lessly enforced the laws of the State
against private corporations as Ras
Dunn. His record is an open book.
As to the merger in particular Dunn
has repeatedly declared that he would
enforce to the letter every law
upon the statute books and if these
laws are not sufficient he will bend
every influence toward securing laws
that are sufficient. Even Judge Col
lins and the Van Sant administration
which is supporting him. who claim
to be the simon pure anti-merger
article, have not gone so far as this.
R. C. Dunn has been a money-saver
to the State and has repeatedly stood
for the people as against corporate
interests and influences. His acts
stand out so prominently, and his in
tegrity and fidelity to his official duties
are so well known, that argument
would seem to be superfluous as to
whom would be the best available can
didate for the gubernatorial chair.
Before and After.
In holding up Judge Collins as an
anti-merger candidate the professional
office-seekers who are backing him
take good care not to remind the pub
lic of his former well-known friendli
ness to corporate interests. Judge
Collins has been before the public in
an official capacity a long time, and
until the recent announcement of his
candidacy, even his closest friends
never suspected him of being so
chronicly anti-merger as some would
have us now think.Swanville News.
Anent the Interview.
Bob Dunn's interview of last week
fairly paralyzed his political oppon
ents. It was a squared-toed declara
tion and must have sent a little tuber
cular moisture up the spinal column
of his adversaries.Eveleth Star.
The Times is in rceeipt of a booklet
containing a record of Bob Dunn
while State auditor, compiled by the
Princeton Dunn club. The book shows
that during his entire terms he advo-
taxing corporations and in a
number of instances the State was
made richer by his exertions,. The
book contains hard nuts for the op
position to crack.Grove City Times.
Behind the Scenes.
So the Collins people are trying to
befuddle the people by accusing Dunn
of being a railroad candidate, while
they quietly run down to Jim Hill's
office and solicit boodle to run their
campaign with. Great heads.Elk
The gubernatorial fight is on in
earnest, "and the boom for R. C.
Dunn seems to be widespread and
firmly rooted," as the Waconia
Patriot remarks, and that seems to be
the general sentiment.Gibbon Ga
What It Looks Like.
It looks like Bob Dunn. Every
thing politically seems to be running
that way.Janesville Argus.
Misrepresentation and Abuse.
The Minneapolis Journal, as an ad
ministration organ, instead of telling
the public what to expect from their
candidate, Judge Collins, is devoting
all his ammunition to misrepresenting
or abusing Bob Dunn. A poor way to
build up the cause of the machine.
Better "shinny on your own side."
I SAID BY SENATOR HANNA
4* Excerpts from article in February .g.
J| National Magazine. 4
I have always been a firm believer
in the power of education, whether in
politics, religion or business and
there has never been a people pore
susceptible to the power and influence
of education than the American peo
The campaign of 1896 was to me an
education, and brought home the belief
that human nature is pretty much the
same all the world over that the fund
amental basis of right success, as it
appears to me, is fairness and justice
and that the simpler the proposition
can be made the more effective it is go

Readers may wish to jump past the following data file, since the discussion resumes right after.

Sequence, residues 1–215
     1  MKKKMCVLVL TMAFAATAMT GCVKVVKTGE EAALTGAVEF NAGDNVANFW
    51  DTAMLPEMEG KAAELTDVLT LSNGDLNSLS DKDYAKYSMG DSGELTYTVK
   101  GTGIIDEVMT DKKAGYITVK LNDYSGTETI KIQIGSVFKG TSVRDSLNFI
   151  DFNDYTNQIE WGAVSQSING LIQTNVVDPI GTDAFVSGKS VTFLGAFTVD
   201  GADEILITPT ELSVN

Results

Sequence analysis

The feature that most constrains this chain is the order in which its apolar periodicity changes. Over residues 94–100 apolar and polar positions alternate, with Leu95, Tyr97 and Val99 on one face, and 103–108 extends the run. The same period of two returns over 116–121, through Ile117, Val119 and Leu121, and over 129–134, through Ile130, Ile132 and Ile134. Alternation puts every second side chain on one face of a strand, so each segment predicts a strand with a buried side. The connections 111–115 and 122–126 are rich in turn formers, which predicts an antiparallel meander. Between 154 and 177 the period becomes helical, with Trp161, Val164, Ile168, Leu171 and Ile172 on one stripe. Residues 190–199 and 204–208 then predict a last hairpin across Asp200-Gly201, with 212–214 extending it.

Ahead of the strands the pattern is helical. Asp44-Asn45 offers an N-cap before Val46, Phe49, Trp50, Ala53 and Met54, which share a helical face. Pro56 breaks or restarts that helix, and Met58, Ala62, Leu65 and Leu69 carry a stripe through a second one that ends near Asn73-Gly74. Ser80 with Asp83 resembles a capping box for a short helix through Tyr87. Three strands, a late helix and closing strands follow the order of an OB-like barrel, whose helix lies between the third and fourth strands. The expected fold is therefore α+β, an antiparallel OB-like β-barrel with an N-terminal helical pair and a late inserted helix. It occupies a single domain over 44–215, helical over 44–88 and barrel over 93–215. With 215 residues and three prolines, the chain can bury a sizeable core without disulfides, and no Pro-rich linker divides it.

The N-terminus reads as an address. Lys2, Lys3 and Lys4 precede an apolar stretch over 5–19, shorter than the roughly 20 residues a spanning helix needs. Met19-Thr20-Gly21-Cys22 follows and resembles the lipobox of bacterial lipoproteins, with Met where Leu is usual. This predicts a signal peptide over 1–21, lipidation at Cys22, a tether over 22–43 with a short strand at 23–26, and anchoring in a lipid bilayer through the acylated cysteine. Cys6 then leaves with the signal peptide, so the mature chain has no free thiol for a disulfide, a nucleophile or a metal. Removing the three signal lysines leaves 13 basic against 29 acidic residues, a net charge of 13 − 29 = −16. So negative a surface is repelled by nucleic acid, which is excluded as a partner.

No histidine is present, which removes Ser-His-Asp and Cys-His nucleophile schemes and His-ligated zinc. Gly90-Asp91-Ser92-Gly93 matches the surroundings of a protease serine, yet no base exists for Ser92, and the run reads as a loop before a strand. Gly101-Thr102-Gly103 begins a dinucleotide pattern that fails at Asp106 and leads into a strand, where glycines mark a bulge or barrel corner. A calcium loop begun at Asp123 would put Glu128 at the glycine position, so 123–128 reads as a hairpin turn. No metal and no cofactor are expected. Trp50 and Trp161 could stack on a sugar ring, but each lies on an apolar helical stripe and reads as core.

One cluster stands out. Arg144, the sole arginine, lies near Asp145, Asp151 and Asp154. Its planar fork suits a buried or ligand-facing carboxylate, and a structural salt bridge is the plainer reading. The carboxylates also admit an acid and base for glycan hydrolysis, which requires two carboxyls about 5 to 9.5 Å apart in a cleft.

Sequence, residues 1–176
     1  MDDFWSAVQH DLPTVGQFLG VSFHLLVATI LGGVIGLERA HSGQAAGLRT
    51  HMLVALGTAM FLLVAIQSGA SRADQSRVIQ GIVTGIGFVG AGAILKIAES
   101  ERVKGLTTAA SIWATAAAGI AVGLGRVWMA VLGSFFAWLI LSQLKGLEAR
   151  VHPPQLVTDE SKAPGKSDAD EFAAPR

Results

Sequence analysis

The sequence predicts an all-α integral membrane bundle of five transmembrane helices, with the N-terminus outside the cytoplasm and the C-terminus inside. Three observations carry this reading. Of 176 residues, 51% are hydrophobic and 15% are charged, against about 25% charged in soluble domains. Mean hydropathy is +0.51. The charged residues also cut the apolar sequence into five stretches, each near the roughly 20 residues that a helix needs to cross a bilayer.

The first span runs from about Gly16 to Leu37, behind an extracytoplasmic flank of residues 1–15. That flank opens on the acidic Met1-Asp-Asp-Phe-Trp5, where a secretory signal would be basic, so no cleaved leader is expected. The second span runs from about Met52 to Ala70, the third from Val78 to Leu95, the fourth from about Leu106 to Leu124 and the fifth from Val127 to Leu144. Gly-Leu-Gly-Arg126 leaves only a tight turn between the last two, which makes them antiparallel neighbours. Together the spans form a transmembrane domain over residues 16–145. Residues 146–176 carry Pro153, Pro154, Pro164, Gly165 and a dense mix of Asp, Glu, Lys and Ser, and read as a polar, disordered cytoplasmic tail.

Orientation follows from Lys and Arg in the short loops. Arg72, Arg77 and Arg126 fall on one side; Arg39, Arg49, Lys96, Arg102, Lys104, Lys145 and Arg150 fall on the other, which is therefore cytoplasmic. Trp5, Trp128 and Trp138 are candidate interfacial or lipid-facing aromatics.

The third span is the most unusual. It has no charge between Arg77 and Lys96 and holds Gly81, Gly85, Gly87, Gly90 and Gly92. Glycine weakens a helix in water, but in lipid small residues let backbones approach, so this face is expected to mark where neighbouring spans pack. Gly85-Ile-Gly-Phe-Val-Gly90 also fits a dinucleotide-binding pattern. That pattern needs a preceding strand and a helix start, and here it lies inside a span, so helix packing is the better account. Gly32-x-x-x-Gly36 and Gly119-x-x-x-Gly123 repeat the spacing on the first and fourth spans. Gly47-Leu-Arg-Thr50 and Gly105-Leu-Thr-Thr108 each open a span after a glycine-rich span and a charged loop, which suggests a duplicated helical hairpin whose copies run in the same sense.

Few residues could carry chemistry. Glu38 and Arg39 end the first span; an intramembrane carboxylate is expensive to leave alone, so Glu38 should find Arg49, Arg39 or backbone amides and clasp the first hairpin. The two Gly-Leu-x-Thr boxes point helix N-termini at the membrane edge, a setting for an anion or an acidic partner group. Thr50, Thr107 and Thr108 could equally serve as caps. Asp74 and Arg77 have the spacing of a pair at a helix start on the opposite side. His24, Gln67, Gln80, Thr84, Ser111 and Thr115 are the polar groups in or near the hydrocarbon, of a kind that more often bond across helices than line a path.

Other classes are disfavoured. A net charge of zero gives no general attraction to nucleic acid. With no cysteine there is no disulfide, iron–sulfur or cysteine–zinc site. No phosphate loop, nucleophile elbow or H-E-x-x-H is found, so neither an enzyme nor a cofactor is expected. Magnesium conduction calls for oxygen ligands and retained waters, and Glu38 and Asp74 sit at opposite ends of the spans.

ing to be with the people at large.
There is no more engrossing ques
tion than that of the relation between
labor and capital, which seems the
paramount iirsue to-day.
With our beloved country, possessed
of greater physical advantages than
any other portion of the globe pos
sessed of the benefits of a cosmopolitan
population standing foresmost in the
ranks of social industry and advance
ment, we have a heavy responsibility
in proportion to the blessings we en
joy. The tendency has been to study
economics purely from a political
standpoint, and my experience has led
me to believe that there are social and
moral phases of the relations between
labor and capital often lost sight of
in the eager pursuit of gain.
It must never be forgotten that or
ganized labor is an older institution
than organized capital. The instinct
of workingmen to band together to
protect themselves is no more to be
wondered at than the same instinct
when shown on the part of capital.
The decayed code of principles and
policy that has no true harmony with
spirit of the agewhich is Busi
nessis passing away.
4 4 4*
No one who is acquainted with union
labor for the past five years can fail
to recognize the wonderful advance
ment that has been made in conserva
tive, cool-headed, and thoroughly
practical management of these mat
ters by the workingmen themselves.
Every man is vulnerable in some
part, and it is a rare thing to find any
man proof against methods of kind
ness and justice. Labor organiza
tions may be open to sharp criticism
at times, but it cannot be fairly stated
that they are always wrong. If every
man is treated as a man, and an ap
peal made to his heart, as well as to
his reason, it will establish a bond of
confidence as a sure foundation to
Fairness and justice will never agree
to the confiscation of the products of
one's man's toil in order to insure
comfort to the idle and worthless. The
old law of compensation is operative
now as ever.
4 4 4
No "ism" is wanted by the Ameri
can people that will take from any
citizen the just and equitable reward
of his labor.
4 4 4
If there is any one subperb virtue
that the American people possess it is
courage in grappling with the issues
of the future, and I do not think there
will ever be a faltering note in this re
spect, no matter what the obstacle, no
matter what the difficulty may be.
Both capital and labor must yield
in time to the great law of fair deal
ing, man to man. In proportion to a
man's ambitions and his ability to
earn for himself a betterment of his
condition, there will be a striving on
his part to attain his ideals.